Design by Inuit Artist Kenojuak Ashevak.
When spring finally comes to Canada's far north, the wind gradually loses its bite as the days grow long and bright. Well before the snow and ice have melted the inland fish lakes beckon, and Inuit families head off to jig through the ice knowing that the char are ready to rise from the winter depths and take the bait.
Microfibre Towel are super absorbent and lint-free, measuring 70 cm x 50 cm.
Kenojuak Ashevak - Inuit Artist (1927- 2013)
Born on south Baffin Island at a camp area known as Ikirisaq, Kenojuak grew up traveling from camp to camp on south Baffin and in Arctic Quebec (Nunavik). She was married to Johnniebo and lived with him in various camps including Keakto, a scenic area seven miles from Cape Dorset. While living at Keakto in the late 1950's, both Kenojuak and Johnniebo first experimented with carving and drawing. They moved to Cape Dorset in 1966 and continued to work closely together until Johnniebo's death.
Kenojuak’s drawings were immediately captivating, and she was represented in almost every annual print collection since 1959. In 1970 her print, Enchanted Owl, was reproduced on a stamp commemorating the centennial of the Northwest Territories, and in 1993 Canada Post selected her drawing to be reproduced on their .86 cent stamp.
Her art and life were the focus of the limited edition book entitled Graphic Arts of the Inuit: Kenojuak, published in 1981. Kenojuak's print Nunavut Qajanatuk (Our Beautiful Land) was commissioned by Indian and Northern Affairs Canada to commemorate the signing of the Inuit Land Claim Agreement in Principle, in April 1990.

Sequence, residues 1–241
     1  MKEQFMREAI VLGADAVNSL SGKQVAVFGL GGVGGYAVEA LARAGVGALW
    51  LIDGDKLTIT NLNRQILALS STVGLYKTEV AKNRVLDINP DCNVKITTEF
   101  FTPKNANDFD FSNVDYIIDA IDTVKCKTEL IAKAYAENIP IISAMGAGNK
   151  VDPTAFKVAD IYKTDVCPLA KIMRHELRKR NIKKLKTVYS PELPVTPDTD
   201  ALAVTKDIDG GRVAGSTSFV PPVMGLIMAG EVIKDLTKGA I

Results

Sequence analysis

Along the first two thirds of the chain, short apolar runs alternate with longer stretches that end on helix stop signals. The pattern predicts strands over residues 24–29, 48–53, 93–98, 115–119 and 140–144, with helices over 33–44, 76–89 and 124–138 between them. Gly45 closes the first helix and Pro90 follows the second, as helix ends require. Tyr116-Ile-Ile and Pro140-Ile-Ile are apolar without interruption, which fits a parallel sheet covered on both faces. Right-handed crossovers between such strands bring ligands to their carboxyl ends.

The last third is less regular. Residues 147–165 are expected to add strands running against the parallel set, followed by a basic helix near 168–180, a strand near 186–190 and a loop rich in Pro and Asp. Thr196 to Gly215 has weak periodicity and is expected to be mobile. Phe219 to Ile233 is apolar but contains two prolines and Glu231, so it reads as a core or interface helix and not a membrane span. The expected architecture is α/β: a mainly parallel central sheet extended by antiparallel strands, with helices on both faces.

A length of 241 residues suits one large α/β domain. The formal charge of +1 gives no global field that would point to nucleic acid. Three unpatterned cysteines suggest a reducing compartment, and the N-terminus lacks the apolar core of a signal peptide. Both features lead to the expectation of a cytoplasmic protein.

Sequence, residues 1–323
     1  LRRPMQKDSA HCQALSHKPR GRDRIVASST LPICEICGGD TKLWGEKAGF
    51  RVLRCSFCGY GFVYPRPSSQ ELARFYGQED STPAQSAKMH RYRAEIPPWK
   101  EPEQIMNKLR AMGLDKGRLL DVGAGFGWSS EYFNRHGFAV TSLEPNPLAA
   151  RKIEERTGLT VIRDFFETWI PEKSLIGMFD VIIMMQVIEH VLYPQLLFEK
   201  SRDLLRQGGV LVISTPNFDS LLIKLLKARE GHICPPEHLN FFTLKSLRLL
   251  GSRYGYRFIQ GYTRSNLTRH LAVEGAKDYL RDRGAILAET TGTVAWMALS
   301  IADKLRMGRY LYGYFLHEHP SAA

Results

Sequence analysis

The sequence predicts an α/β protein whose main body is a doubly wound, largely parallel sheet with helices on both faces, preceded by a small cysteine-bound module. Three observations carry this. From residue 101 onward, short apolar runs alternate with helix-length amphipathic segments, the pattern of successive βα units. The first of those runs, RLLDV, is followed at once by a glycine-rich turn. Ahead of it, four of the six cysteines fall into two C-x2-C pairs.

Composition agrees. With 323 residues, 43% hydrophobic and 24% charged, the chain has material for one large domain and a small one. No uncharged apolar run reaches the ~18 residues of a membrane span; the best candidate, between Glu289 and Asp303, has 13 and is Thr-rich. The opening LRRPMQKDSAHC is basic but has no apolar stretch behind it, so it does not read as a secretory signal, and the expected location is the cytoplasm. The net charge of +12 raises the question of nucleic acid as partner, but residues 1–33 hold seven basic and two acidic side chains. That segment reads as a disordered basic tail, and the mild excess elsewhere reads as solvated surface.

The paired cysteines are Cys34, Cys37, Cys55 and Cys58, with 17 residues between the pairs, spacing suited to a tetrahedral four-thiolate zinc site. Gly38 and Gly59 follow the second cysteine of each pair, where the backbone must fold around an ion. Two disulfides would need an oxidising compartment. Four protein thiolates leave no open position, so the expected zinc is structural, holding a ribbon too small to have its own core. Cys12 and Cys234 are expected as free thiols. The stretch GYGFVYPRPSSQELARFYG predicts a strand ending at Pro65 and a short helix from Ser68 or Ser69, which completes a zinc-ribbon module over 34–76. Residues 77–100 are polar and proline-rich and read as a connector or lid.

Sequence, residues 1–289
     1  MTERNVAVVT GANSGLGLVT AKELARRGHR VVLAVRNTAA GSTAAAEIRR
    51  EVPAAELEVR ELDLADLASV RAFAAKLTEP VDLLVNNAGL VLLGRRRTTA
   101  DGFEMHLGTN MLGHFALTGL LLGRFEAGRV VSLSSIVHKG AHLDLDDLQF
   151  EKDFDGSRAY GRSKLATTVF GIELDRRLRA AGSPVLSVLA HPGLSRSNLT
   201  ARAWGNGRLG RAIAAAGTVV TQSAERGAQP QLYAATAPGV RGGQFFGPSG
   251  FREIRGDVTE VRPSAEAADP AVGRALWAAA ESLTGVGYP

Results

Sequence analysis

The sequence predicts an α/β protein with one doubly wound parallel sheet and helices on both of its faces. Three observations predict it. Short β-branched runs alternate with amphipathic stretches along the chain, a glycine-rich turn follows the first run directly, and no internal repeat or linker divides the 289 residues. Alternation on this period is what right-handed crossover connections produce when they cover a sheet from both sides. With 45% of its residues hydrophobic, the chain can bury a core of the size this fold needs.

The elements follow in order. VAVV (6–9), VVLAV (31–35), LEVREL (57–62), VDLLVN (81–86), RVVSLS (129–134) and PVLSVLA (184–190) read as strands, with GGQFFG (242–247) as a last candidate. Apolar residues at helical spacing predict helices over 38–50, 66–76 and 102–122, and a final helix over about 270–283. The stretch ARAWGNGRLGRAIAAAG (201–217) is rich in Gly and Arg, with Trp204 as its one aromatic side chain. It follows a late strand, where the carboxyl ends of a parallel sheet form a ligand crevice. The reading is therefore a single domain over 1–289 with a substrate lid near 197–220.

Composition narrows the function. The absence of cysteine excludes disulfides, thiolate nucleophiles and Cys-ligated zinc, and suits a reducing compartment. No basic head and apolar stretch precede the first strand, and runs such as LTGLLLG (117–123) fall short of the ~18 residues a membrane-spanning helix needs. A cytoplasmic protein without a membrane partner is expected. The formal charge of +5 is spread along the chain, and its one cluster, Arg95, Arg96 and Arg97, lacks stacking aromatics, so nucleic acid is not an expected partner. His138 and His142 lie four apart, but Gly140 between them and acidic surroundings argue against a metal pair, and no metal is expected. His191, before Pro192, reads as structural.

Kenojuak received many special honors over the years. In 1996 she received the prestigious Lifetime Achievement Award at the National Aboriginal Achievement Awards Ceremony in Vancouver. In the spring of 2001, Kenojuak was inducted into Canada’s Walk of Fame as the first Inuit artist to be so honored, and joined many other famous and accomplished Canadians.
Kenojuak traveled all over the world from Japan to Europe as an ambassador for Inuit art.
In 2008, she added to her list of honors the Governor General’s Award for excellence in the visual arts.
In January, 2013, after a long and illustrious career, Kenojuak died peacefully at home surrounded by her loving family.